White Stork


July 5, 2022

The white stork (Ciconia ciconia) is a large-bodied wading bird that belongs to the Ciconiiformes order, including the Ciconiidae family, and is widely known throughout its range. In common parlance, this species of bird is referred to by the well-known term stork. Its popular names are gilice, cacó (in the family name Czakó), kossta, gago and eszterág. It is the official bird of Belarus and Lithuania, and is also regarded as a kind of regional national symbol in Slovenia's Mura region. The Hungarian Ornithological and Nature Conservation Association chose it as the bird of the year in 1980, 1981, 1994 and 1999. The interesting thing about the Hungarian people's favorite bird is that the migration of the migrating storks coincides with the two biggest Hungarian national holidays, because they arrive at their breeding grounds in Hungary around March 15, and large groups leave for their wintering grounds in Africa around August 20. During their migration, they take advantage of rising warm air currents, which is why they avoid large closed forests and seas. According to ornithologists, thanks to satellite tracking, most of them traditionally winter in the central region of Africa, mainly in Chad and Sudan, but some specimens also fly as far as the Republic of South Africa. It is a bird species that is widespread in Europe and Asia, but its habitats are decreasing. Its plumage is mostly white, but the ends of its wings are covered with black feathers. Its legs are long, its beak is long, pointed and red. It is a bird of prey and eats a wide variety of species; preys on insects, fish, amphibians, reptiles, small mammals and birds. Monogamous, but couples do not stay together for life; the pair builds the nest together from twigs, which they then use for years. The hen usually lays four eggs, which hatch after 33-34 days. The parents take turns incubating and both feed their young. The baby storks fly out at the age of 58-64 days, after which the parents feed them for another 7-20 days. The route of the white storks migrating south leads through Lebanon, where migrating birds are shot en masse by recreational sport hunters. According to the IUCN, it is not endangered. In the Middle Ages, human settlement and deforestation favored the species, but changes in production methods and industrialization led to the disappearance of the white stork from parts of Europe in the 19th and early 20th centuries. Thanks to species conservation programs and reintroductions, it can now be found again in the Netherlands, Belgium, Switzerland and Sweden. It has natural predators and can host parasites. Chewing lice can settle in its plumage, and mites can hide in the nest. In many parts of its distribution area, it has inspired fairy tales and novels, as well as popular beliefs, such as that it brings the baby.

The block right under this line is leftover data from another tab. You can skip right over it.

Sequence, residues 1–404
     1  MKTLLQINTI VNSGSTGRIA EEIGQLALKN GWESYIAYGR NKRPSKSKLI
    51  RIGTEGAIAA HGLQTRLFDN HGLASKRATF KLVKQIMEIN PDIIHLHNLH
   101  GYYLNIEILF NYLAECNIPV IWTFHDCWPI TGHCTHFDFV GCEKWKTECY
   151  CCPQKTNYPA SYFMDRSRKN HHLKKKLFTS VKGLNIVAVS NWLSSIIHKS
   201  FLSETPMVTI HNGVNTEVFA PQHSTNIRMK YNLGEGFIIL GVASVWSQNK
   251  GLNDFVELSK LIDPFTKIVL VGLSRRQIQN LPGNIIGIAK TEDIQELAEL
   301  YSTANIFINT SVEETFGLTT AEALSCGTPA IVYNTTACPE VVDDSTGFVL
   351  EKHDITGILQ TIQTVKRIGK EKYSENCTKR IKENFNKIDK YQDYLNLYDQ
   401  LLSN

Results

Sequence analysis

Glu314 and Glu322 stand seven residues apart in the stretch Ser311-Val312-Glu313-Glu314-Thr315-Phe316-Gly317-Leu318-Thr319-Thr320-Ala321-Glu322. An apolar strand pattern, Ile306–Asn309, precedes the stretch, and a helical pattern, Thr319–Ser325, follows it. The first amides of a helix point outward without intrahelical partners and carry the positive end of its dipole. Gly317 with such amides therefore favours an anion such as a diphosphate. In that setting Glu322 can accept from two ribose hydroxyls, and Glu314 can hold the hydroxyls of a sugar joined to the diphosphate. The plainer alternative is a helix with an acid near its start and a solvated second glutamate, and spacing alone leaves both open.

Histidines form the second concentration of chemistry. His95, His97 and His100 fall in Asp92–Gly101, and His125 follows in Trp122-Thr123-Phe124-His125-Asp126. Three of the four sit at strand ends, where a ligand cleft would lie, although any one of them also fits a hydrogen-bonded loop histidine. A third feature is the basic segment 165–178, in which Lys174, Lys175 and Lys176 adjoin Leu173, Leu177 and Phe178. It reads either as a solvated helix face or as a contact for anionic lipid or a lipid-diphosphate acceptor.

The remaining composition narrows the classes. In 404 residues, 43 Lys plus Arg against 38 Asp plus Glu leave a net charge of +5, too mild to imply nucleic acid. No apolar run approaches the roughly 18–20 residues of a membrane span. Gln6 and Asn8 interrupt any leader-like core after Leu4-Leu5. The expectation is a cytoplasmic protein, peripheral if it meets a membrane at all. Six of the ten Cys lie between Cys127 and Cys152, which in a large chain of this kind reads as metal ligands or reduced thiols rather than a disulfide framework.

It is widespread in almost all of Europe (except Scandinavia, the British Isles, France and Italy), North Africa and Asia Minor. Primarily a bird of plains and hills, it occurs everywhere in areas below 250 m above sea level. European white storks have two major populations, the southwestern one in Spain, Portugal, Algeria, and Morocco, and the eastern one, roughly covering central and eastern Europe from Germany to the Volga and Turkey. The breeding area of ​​the eponymous subspecies is large, but scattered. 25% of all white stork populations are concentrated in Poland. In the Middle Ages, human activity may have helped its spread, when forests were cleared to create pastures and fields in their place. At that time, it spread throughout most of Europe and spread as far as Sweden. It is a rare guest in the British Isles, where every year around